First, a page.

Well, it’s official. Week 1 at Hogwarts is officially over. I’ve been sorted into Gryffindor and I couldn’t be most upset that we’re not allowed to apparate on campus here.
Okay, part of that sentence might be a lie, but the one true thing is that I really wish I could transport myself from place to place that easily. After spending a full week in the massive city of Glasgow, my iPhone says I walk an average of 8 miles a day. 8 miles! My college hometown doesn’t even have an 8 mile radius! Even though the walk through the Botanic Gardens multiple times a day is stunning, my feet are still getting used to the fact that the free campus bus has not started running yet.
The comparison to Hogwarts is also no joke. The University of Glasgow’s main building feels like a real life school for witchcraft and wizardry. And that’s not in a “creepy hocus pocus” kind of way, but in a “larger than life” kind of way. So far, it’s been a bunch of orientation activities and meetings, waves of panic about class registration, and bagpipes on every corner. When I imagine Scotland, yes I automatically think bagpipes, but when I knew I was going to live here I never imagined hearing bagpipes off in the distance just about everywhere I walked. I have to say, it’s pretty magical and it makes me want to learn to play more and more everyday (which might come true with a piping class they offer here).
The IFSA- Butler squad is amazing, who I first all met at the orientation in Edinburgh last week. There are ten of us attending the University of Glasgow, and after spending a week in our separate University housing arrangements, I think we’ve all kept in touch pretty well. Now’s the time I get to talk about my sexuality! I think that most of them are aware that I’m gay, and as expected, none of them batted an eye when I dropped the “my girlfriend back home…” sentence, except for one girl! She was (and of course I was as well) excited to meet someone in the same program who also wasn’t exactly straight. We’ve spent a lot of time talking over brews at a pubs about how easy it can be to feel isolated as a gay person in this world, and how necessary it feels to have people by your side who shares a similar experience.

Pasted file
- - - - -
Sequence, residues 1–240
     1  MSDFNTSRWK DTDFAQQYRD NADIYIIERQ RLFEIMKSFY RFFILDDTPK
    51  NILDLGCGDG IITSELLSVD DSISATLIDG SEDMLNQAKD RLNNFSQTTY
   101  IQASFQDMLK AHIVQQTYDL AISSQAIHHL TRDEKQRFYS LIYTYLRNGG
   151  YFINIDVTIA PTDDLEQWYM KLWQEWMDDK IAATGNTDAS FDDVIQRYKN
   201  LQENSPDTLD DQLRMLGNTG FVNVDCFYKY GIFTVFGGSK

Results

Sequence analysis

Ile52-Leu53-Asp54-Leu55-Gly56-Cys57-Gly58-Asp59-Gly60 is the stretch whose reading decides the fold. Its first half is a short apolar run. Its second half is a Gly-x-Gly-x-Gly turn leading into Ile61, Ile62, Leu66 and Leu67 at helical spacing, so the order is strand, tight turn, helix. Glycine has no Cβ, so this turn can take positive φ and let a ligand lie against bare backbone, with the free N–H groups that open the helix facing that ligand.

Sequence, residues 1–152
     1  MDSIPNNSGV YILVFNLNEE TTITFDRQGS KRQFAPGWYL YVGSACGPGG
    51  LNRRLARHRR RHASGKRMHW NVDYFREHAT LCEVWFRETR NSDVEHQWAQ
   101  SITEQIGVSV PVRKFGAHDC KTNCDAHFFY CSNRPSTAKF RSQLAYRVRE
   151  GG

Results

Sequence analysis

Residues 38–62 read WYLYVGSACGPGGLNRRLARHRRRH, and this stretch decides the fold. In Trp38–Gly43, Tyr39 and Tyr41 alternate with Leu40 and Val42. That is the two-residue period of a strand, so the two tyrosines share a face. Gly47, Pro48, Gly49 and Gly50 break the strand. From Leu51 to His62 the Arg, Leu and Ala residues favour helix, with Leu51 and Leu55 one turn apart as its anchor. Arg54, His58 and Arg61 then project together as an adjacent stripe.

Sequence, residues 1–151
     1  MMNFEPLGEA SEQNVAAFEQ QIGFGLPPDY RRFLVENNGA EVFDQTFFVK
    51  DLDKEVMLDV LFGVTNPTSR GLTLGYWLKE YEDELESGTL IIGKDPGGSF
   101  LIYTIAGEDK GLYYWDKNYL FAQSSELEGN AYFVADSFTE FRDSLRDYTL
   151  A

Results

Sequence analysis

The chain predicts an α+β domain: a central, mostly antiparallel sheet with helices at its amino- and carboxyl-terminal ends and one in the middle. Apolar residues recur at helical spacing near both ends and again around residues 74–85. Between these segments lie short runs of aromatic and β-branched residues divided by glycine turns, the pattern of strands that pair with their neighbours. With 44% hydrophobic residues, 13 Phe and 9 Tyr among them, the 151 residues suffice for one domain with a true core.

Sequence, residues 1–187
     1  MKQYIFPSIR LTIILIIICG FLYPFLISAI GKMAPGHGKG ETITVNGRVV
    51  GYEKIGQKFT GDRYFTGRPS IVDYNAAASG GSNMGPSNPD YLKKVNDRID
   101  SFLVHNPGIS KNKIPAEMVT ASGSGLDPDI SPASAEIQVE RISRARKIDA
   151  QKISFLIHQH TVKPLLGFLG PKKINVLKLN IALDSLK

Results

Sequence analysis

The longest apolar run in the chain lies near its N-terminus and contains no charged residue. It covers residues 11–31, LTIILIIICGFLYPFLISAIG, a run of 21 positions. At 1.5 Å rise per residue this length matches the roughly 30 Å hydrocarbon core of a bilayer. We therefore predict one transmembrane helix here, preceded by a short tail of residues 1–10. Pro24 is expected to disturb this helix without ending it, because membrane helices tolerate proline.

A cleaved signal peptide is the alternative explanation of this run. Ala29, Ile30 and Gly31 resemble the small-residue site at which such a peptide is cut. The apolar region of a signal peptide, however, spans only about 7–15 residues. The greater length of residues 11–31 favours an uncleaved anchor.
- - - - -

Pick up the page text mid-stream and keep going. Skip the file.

Coming out is another big theme in the LGBT+ world that’s a never ending process- especially after just having moved to another country. It’s been easy for me with my level of comfort with my own sexuality, and because I can just drop the fact that I have a girlfriend. It automatically outs me (unless they’re thinking I’m referring to my friend who happens to be female), and it gives them something to focus on other than solely my orientation. I think it’s been received well here and my roommates and other people I’ve met seem just as eager to talk about my girlfriend as they would be to talk about someone’s long distance boyfriend. Granted, most of them are American, so I’m not really getting too big of a feel for Glasgow’s gay community just yet. I do have a friend here who’s Scottish and I struck up a little conversation about Glasgow with her. She mentioned that Scotland in general is pretty liberal and very accepting of the LGBTQ+ population (especially in Glasgow). I had gathered that much purely from research, but it’s always nice to hear from a local!
The University has an LGBTQ+ organization (GULGBTQ+), and so far I’ve noticed that they have an amazing presence on campus and around the city. At a table they had at an international student information fair, they told me they had one large group with weekly events, but that there were also multiple groups within GULBGTQ+ that threw events on their own. These were separate groups like International LGBTQ+, Women’s, Lesbian, Transgender, Asexual, Bisexual and way more. I was shocked! Not only because of how inclusive their organization was but at the fact that the University’s community was big enough to form that many distinct groups. I’m on their email list already so I’ll keep you posted on events!
On another note, this weekend I’ll be moving into the home of a family in Shap, which is a town in Northwest England. They’re a family of four and they have a farm! Not only will it be a completely new experience for me in general (because no I have never lived with farm animals), but it will be an entirely opposite perspective of the UK that I have yet to experience.
Next week is the sports and clubs fair, so I’ll keep you posted on my first quidditch practice.